Last orders for the British boozer

Going to a pub was a way for young people, pints in hand, to learn to behave like adults. No more.

Neil Davenport

Topics Politics

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The editors of the Good Pub Guide 2014 forecast that between 2,500 and 4,000 old-fashioned pubs in the UK will be forced to shut in the near future. Controversially, they also claim that it is ‘high time they closed their doors’ to make way for more energetic and dynamic new licensees, such as gastro pubs.

Maybe the editors at the Good Pub Guide have come to this conclusion after a lengthy liquid lunch? Maybe they see anti-pub chain JD Wetherspoon as the energetic and dynamic replacement for dilapidated Dog and Duck-style locals in provincial towns. Much of the available evidence, however, suggests an alarming haemorrhaging rather than a sparkling re-invention of pubs. And if pubs are really becoming a more attractive place to be, how come fewer and fewer young people now drink in them?

If we examine statistics published by the brewery industry, in 2002 there were approximately 60,000 pubs open across the UK. Ten years later, the number had dropped to about 50,000. For all the handwringing over ‘boozy Britain’ and the rather unworldly jitters about ‘binge drinking’ (that is, having four pints in one evening), booze consumption in pubs has also declined. In fact, just about the only thing that has increased pub-wise is tax on alcohol. For example, from 2000 to 2008, the duty on a bottle of wine rose by 15 per cent; from 2008, after Labour chancellor of the exchequer Alastair Darling introduced the ‘alcohol duty escalator’, the duty on a bottle of wine increased by 46 per cent, with similar rises for beer and spirits, too. Add to that the restrictions placed on smokers, forced to step outside to enjoy a cigarette, and it’s little wonder that many people are opting for the cheaper option of supermarket booze and a night in.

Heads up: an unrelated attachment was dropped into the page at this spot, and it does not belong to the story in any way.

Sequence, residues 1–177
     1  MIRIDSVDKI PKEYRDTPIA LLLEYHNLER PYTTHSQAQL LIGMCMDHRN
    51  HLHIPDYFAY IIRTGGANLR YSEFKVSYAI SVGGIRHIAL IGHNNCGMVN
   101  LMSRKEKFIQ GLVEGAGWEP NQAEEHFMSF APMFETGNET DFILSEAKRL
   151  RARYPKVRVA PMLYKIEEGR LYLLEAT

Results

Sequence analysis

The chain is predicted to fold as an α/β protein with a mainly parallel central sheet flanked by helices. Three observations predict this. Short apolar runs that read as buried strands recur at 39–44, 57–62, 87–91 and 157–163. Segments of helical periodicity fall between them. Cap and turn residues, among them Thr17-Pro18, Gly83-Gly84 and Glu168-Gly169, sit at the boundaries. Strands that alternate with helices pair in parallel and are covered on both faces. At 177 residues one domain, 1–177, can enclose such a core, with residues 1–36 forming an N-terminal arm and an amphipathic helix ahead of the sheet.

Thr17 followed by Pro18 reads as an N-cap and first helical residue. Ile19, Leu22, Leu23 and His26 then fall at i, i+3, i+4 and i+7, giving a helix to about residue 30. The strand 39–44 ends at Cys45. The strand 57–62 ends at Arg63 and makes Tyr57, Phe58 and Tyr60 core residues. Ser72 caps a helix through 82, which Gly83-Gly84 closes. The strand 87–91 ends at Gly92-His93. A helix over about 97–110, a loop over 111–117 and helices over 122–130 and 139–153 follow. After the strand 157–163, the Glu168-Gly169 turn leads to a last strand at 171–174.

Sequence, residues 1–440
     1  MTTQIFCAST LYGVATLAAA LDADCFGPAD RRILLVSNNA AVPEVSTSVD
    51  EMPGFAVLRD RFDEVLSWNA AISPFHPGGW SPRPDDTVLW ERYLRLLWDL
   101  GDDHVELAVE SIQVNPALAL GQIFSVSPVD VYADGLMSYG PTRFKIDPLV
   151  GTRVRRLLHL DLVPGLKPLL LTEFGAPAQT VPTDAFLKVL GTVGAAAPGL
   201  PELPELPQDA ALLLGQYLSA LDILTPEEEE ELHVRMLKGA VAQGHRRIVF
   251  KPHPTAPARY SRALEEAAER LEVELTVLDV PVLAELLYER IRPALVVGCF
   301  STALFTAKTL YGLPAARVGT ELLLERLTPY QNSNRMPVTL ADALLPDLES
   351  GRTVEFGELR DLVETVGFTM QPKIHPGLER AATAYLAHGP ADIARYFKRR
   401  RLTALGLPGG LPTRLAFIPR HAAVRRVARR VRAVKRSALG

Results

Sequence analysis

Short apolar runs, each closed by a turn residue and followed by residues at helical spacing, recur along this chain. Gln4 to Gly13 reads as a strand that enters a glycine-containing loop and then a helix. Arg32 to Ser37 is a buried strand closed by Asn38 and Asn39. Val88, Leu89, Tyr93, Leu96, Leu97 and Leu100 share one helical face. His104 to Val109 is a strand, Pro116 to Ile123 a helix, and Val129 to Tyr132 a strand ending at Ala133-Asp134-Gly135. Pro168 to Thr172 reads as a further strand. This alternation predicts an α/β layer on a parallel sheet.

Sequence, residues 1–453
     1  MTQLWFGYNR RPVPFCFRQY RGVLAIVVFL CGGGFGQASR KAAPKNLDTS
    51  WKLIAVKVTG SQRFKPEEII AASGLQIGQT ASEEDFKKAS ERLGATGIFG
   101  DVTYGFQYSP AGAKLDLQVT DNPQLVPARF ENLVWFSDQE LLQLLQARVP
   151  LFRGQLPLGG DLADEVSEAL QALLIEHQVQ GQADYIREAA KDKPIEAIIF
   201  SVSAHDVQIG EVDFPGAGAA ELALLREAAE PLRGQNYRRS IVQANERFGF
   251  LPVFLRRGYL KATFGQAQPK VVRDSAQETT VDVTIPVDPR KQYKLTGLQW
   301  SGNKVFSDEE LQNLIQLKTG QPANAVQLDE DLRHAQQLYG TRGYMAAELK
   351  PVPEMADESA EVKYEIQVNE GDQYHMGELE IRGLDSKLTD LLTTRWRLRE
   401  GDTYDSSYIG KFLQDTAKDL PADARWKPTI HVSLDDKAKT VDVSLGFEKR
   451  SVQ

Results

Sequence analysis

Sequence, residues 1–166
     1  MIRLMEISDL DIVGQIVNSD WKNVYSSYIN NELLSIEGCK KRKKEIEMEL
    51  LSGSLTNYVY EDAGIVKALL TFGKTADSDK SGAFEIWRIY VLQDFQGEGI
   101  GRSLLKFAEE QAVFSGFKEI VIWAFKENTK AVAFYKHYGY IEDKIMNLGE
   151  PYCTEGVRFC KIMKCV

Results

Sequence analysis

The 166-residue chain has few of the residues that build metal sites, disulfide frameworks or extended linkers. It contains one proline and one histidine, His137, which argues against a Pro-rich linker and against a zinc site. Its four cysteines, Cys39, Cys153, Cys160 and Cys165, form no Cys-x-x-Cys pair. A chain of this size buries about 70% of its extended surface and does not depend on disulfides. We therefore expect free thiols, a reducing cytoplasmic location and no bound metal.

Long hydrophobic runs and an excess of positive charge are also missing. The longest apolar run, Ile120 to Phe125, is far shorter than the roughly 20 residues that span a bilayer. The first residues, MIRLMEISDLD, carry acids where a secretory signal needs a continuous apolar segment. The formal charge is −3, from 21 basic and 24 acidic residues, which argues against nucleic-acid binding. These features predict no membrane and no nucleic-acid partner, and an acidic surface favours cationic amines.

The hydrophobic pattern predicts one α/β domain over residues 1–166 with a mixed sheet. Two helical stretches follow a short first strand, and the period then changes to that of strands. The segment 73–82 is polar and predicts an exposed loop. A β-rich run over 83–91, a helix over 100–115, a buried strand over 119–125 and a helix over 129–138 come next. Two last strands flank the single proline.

Many mainstream commentators have expressed concern about the pub’s steady demise. They rightly point out how pubs have played an important part in local communities, particularly for elderly and retired citizens, acting as places where adults can talk and socialise like adults. George Orwell’s 1946 article, ‘The Moon Under Water’, is often cited as a perfect evocation of what a classic British pub should look and feel like, to be contrasted with the new breed of anti-pubs characteristic of our brave new Wetherspoon’s world. ‘Pubs have always been meeting places and to take them away is like ripping the heart out of a community’, said John Bell of, of the Campaign for Real Ale (CAMRA), when examining the rate of pub closures in the North. ‘People have less money to spend on things like a pint, but there are other things like the cost of beer duty, the smoking ban and the fact that a lot of pubs used to be based in the heart of industrial areas that aren’t there anymore. Once they’re gone, they’re gone.’